Today, as reported by Variety, Stories International has teamed up with Walking Dead and Dirk Gently production company Circle of Confusion to produce adaptations of ‘Altered Beast’ and ‘Streets of Rage'”.
From the Stories press release:
STORIES INTERNATIONAL has partnered with Circle of Confusion, executive producers of “The Walking Dead”, to produce filmed entertainment adaptations of “Altered Beast” and “Streets of Rage”, based on the respective SEGA video game franchises, and will explore opportunities for both titles in film and television.
We’re still at the “big companies agreeing to work with each other” stage, but it’s encouraging to see the production gigs going to a company that really seems to know what it’s doing.
A. Quinton — Dec. 1st 2016
It had to happen eventually! As reported in early November by Deadline Hollywood, John Landis’s An American Werewolf in London – generally considered to be the gold standard of werewolf movies – is now officially set to get a remake. Things are still in the paperwork phase, but one thing’s for sure: Landis’s son Max will write and direct.
Max Landis is a filmmaker, writer, and producer in his own right, and he’s already taken a swing at a small but crucial part of An American Werewolf in London. In 2015 he and Homemade Movies collaborated on a deliberately shoe-string-budget shot-for-shot remake of the famous AWIL transformation scene.
I have mixed feeling about this. Personal issues aside (I’ve never interacted with Max Landis but he was a real dick to some friends of mine), I didn’t much like American Ultra or Chronicle, both of which Landis wrote. But more recently, he’s been involved in two small screen adaptations of works I really enjoy – the Douglas Adams Dirk Gently books, for which he wrote a BBC America / Netflix series, and Kris Straub’s Candle Cove / Ichor Falls stories, which he executive-produced as Channel Zero for Syfy. I haven’t seen those adaptations yet, but they’ve both received favourable reviews, and it has to mean something that this AWIL remake is the third thing in a row he’s involved with that I also happen to be super into.
An American Werewolf in London is a film that doesn’t need a remake, but then, what film really does? And if someone’s going to adapt AWIL, let it be someone who has a familial connection to the original’s legacy. As with so many other nascent werewolf films, I’ll keep my expectations low and my hopes high.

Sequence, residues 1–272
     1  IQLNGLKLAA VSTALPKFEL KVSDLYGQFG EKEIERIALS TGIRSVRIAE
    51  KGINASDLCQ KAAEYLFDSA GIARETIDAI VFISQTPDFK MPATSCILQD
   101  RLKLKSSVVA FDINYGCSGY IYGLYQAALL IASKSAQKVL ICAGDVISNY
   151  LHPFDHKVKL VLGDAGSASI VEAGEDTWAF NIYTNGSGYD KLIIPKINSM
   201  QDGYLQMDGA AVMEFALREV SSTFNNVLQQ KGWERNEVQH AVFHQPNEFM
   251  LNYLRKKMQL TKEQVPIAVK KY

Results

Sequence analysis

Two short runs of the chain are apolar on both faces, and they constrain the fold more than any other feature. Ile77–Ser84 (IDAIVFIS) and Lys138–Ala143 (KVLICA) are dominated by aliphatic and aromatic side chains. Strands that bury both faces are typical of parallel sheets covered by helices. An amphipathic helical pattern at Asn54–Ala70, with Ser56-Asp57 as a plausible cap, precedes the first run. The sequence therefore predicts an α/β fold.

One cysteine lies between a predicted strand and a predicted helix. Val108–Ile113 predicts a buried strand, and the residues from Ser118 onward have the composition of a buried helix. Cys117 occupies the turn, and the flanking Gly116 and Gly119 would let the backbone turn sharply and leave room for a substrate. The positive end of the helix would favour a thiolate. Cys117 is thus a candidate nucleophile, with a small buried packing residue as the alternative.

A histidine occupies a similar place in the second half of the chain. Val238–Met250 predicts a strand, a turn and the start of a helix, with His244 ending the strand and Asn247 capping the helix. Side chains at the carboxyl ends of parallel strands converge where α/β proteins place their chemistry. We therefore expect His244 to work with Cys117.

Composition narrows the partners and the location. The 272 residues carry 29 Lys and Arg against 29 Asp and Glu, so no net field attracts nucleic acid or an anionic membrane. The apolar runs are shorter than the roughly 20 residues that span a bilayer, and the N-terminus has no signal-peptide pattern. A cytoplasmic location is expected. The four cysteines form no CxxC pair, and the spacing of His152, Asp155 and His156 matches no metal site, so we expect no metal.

Craig J. Clark — Nov. 13th 2016
Compared to the ’80s, which was rather a boom time for werewolf cinema, the ’90s were considerably leaner, and with one or two notable exceptions, the films produced that decade much less memorable. Case in point: 1996’s Bad Moon, which was released 20 years ago this month, coming between the ludicrous Project: Metalbeast (which, I shit you not, is about a secret military plan to create armored werewolves) and An American Werewolf in Paris (a misbegotten sequel I still have no intention of wasting my time on). Tellingly, neither of those cast-offs have been released in souped-up editions by Scream Factory, but Bad Moon has, so that’s a definite point in its favor. Plus, the thing’s only 79 minutes long. How torturous can it be?
The answer is not very torturous at all. Bad Moon is not a good film by any stretch of the imagination, but it’s ridiculous enough to be laughable for long stretches of time — even when the filmmakers are trying to play it straight. It was written for the screen and directed by Eric Red, who deserves an award for adapting a novel called Thor and not filling it with references to Norse mythology. Rather, Thor is an überprotective German shepherd owned by lawyer Janet (Mariel Hemingway) and lovable moppet Brett (Mason Gamble), who have moved to the Pacific Northwest to get away from the big, bad city. What they end up doing is moving next door to the big, bad wolf when Hemingway’s brother Ted (Michael Paré) returns from the jungle, where he was attacked by a werewolf, and takes up residence in their backyard. Thor knows what’s what, though, and does what any dog would do to protect the family.
Werewolf films live and die by their transformation scenes. In the olden days, they were accomplished with the use of time-lapse photography (as in 1941’s The Wolf Man) or simple cutaways (as in 1935’s Werewolf of London, which is featured in this film). During the wolf’s ’80s resurgence the order of the day was in-camera make-up effects (which is why classics like The Howling and An American Werewolf in London continue to be revered today). By the ’90s, however, the standard was CGI “morphing,” which in the case of Bad Moon looks about as cheesy as you would expect. The werewolf itself isn’t half bad and Paré’s performance as its human side is reasonably credible, but one wishes the effects crew had skipped the part in-between.